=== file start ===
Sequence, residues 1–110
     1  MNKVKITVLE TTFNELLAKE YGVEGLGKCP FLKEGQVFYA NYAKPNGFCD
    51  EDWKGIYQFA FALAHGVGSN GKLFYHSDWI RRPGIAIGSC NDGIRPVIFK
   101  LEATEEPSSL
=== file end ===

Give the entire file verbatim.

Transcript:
Sequence, residues 1–110
     1  MNKVKITVLE TTFNELLAKE YGVEGLGKCP FLKEGQVFYA NYAKPNGFCD
    51  EDWKGIYQFA FALAHGVGSN GKLFYHSDWI RRPGIAIGSC NDGIRPVIFK
   101  LEATEEPSSL